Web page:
8-1 August a memorable month for New Mexicans
SANTA FE – Welcome to August. The month has no holidays. Maybe that is because so many people already are on vacation
But August has many days to remember, especially for New Mexicans. Some of them could be holidays but we just don't celebrate them for one reason or another.
Every elementary school child knows Christopher Columbus arrived in the New World on October 12, 1492. But he set sail on August 3 of that year.
They still are teaching elementary students that Columbus was the guy who figured out the world is round. But we have learned over the years that when he set sail, he had no doubt he wasn't going to fall off the edge of the earth.
Many people already knew the world was round and some even knew others had already explored new lands to the west. The only question was how far west.
It was August 1598 when Juan de Onate and his colonists settled in Northern New Mexico near Espanola.
It was August 10, 1680 when the Pueblos, with the help of Apaches, decided they didn't like Spanish rule. Some 400 colonists and 21 Franciscan missionaries were killed.
The rest fled down the Rio Grande to south of El Paso. It is said to be the first and only instance of Native Americans overthrowing their conquerors.
It was August 1846 when U.S. troops, under the command of Gen. Stephen Watts Kearny, invaded New Mexico. On August 22, Kearny declared all residents to be American citizens.
On August 6 and 9, Little Boy and Fat Man were dropped on Hiroshima and Nagasaki, assuring a quick end to the war. The dates are not celebrated in the United States. They are mourned by the Japanese and American peace activists.
At the time, it seemed to our leaders like the thing to do. High school graduates were being drafted and quickly sent to the Pacific to prepare for a land invasion expected to take a million lives.
Scientists and engineers from Los Alamos were sent to the island of Tinian in the Northern Marianas, near Guam and Saipan, to prepare the bombs and the modified B-29s that would carry them.
We knew that American prisoners held in Japan, including 900 members of the New Mexico National Guard, would be shot as soon as a land invasion commenced. But when the two big ones dropped, prison guards throughout Japan ran for their homes and never returned.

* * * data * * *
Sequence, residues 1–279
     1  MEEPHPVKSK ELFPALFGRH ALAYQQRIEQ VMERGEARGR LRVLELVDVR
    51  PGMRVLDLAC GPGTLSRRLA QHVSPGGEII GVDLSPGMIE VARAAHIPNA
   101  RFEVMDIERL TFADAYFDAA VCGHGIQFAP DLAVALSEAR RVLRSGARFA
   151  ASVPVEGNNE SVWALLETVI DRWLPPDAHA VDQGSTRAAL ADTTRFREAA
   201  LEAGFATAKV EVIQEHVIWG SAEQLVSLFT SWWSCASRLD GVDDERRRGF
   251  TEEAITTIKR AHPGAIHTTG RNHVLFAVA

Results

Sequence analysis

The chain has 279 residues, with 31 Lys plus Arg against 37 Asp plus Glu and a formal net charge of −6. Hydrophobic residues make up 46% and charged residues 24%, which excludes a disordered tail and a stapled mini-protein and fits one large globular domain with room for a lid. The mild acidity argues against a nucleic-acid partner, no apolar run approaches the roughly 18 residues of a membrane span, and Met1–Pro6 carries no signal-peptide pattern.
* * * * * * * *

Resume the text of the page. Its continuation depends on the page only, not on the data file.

Even before the two bombs dropped, Japan had been making efforts toward ending the war. But there were still holdouts in the Japanese high command that either wanted to fight to the end or to bargain for keeping the lands they had taken.
The bombs hastened the decision to surrender. Six days after the second bomb was dropped, Japan surrendered. It was high noon, August 15 in Tokyo and 6 p.m. the day before in Washington, D.C.
There was great rejoicing nationwide. Next to the photo of the Iwo Jima flag raising, the picture of a sailor sweeping a nurse off her feet on Times Square is probably the most beloved in American history. I was a seven-year-old in Las Cruces watching the celebrating.
But the yearly celebrations didn't last. Although the bombs killed no more than our nightly saturation bombings of Japanese cities, the radiation deaths and illnesses that followed insured that nuclear devices have not been used in warfare since.
August also is the anniversary of New Mexico native Smokey Bear being adopted as our national forest fire prevention symbol in 1944. Even Smokey had a war connection.
All our able-bodied men were fighting elsewhere. And Japan was tying small bombs to gas balloons and launching them into the winds headed for our West Coast forests. Some of them made it. So the American public was alerted to fight forest fires.